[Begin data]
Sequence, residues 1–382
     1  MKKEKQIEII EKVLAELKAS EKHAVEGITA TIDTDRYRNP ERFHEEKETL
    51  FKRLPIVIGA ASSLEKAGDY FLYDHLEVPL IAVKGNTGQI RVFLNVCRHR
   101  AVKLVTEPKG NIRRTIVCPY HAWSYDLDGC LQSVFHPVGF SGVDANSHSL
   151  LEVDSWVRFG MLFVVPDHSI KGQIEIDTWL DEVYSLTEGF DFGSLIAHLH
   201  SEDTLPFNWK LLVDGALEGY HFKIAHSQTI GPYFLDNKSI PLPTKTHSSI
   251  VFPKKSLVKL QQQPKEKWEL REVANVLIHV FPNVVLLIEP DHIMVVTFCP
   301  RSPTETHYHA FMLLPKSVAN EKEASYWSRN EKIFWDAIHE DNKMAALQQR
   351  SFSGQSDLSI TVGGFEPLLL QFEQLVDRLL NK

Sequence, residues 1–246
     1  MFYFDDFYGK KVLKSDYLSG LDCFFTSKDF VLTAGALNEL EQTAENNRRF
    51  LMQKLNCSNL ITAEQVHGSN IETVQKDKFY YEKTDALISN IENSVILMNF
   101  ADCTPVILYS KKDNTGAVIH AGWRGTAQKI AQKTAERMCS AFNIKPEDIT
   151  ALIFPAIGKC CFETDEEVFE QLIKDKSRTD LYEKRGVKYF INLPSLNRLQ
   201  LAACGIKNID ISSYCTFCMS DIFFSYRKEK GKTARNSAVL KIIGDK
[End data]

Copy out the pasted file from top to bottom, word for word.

Sequence, residues 1–382
     1  MKKEKQIEII EKVLAELKAS EKHAVEGITA TIDTDRYRNP ERFHEEKETL
    51  FKRLPIVIGA ASSLEKAGDY FLYDHLEVPL IAVKGNTGQI RVFLNVCRHR
   101  AVKLVTEPKG NIRRTIVCPY HAWSYDLDGC LQSVFHPVGF SGVDANSHSL
   151  LEVDSWVRFG MLFVVPDHSI KGQIEIDTWL DEVYSLTEGF DFGSLIAHLH
   201  SEDTLPFNWK LLVDGALEGY HFKIAHSQTI GPYFLDNKSI PLPTKTHSSI
   251  VFPKKSLVKL QQQPKEKWEL REVANVLIHV FPNVVLLIEP DHIMVVTFCP
   301  RSPTETHYHA FMLLPKSVAN EKEASYWSRN EKIFWDAIHE DNKMAALQQR
   351  SFSGQSDLSI TVGGFEPLLL QFEQLVDRLL NK

Sequence, residues 1–246
     1  MFYFDDFYGK KVLKSDYLSG LDCFFTSKDF VLTAGALNEL EQTAENNRRF
    51  LMQKLNCSNL ITAEQVHGSN IETVQKDKFY YEKTDALISN IENSVILMNF
   101  ADCTPVILYS KKDNTGAVIH AGWRGTAQKI AQKTAERMCS AFNIKPEDIT
   151  ALIFPAIGKC CFETDEEVFE QLIKDKSRTD LYEKRGVKYF INLPSLNRLQ
   201  LAACGIKNID ISSYCTFCMS DIFFSYRKEK GKTARNSAVL KIIGDK